By the time I get off my perch at Purgatory and hike to Drive-By, there is not a lot of light left. Pablo Barbero is just jumping on Kaleidoscope 5.13c, so I don't have time to get a position off of the ground. I was really hoping to shoot more, especially in some different areas other than Purgatory.


Pablo Barbero hangs on through the top crux of Kaleidoscope, 5.13c, Drive-By Crag, PMRP, Red River Gorge, Kentucky

Saturday at Rocktoberfest is the main event. Hundreds of climbers compete in an outdoor climbing competition at the Motherlode and other areas off of the Sore-Heel parking lot. It would have made sense for me to be there to photograph as much as possible, but of course, I got sidetracked. Neal was attempting God's Own Stone at the Gold Coast on the other side of PMRP (Pendergrass-Murray Recreational Preserve) and I went to capture his efforts.
 Jordan Garvey attacking Golden Boy 5.13b, The Gold Coast, PMRP, Red River Gorge, Kentucky

Neal Sipahimalani working through God's Own Stone 5.14a, The Gold Coast, PMRP, Red River Gorge, Kentucky 

Neal Sipahimalani working through God's Own Stone 5.14a, The Gold Coast, PMRP, Red River Gorge, Kentucky

Neal Sipahimalani working through God's Own Stone 5.14a, The Gold Coast, PMRP, Red River Gorge, Kentucky

Neal Sipahimalani working through God's Own Stone 5.14a, The Gold Coast, PMRP, Red River Gorge, Kentucky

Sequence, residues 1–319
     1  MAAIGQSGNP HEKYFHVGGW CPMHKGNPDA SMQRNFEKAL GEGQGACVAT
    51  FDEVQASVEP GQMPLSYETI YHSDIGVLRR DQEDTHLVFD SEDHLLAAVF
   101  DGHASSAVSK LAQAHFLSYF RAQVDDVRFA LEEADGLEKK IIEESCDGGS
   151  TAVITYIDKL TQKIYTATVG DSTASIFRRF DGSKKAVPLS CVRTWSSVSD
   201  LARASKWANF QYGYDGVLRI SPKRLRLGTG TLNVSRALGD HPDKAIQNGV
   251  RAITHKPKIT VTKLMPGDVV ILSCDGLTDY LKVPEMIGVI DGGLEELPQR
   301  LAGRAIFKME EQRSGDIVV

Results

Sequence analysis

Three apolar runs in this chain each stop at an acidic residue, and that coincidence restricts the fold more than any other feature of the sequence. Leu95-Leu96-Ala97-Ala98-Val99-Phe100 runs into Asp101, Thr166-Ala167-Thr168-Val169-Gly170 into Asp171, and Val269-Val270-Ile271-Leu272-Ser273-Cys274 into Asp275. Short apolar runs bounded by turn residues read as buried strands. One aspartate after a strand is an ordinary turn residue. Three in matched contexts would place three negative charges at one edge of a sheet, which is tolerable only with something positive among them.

Neal Sipahimalani working through God's Own Stone 5.14a, The Gold Coast, PMRP, Red River Gorge, Kentucky

The sun goes down over the red rocks and the autumn leafed trees. Everyone filters into the Rocktoberfest campgrounds for the festivities. You can use a sling shot to shoot water balloons at corporate sponsors' signs for prizes, or try and hit "Idiot Boy" to win $100. You can try to stack milk crates while sitting on top of them for bragging rights.

This guy stacked 22 milk crates, an impressive feat anywhere. But balanced on a piece of plywood feebly leveled on wet grass the crates are never stable. 


Protected from a fall by an auto-belay device attached to a crane overhead, participants avoid a painful crash to the ground once their stacking potential reaches it's peak. 


Then comes the dyno competition, the highlight of the evening. On a wall made from plywood climbers launch themselves from start holds near the ground and try to reach a range of finishing holds at the top. Not all make it, and others make it look easy.

A bouldering comp competitor fails to grab the finishing hold 
Jordan Garvey attemps to grab the sloper finishing holds.

Frank Cleveland of Fishers, Indiana wins the dyno comp by sending this problem, with the 
finishing holds the blue and read slopers.



Overall Rocktoberfest was a good time, but I didn't really shoot as much as I would have liked. And honestly, I don't know when I will be able to spend more time in Red River Gorge. But soon I will have all of Colorado before me.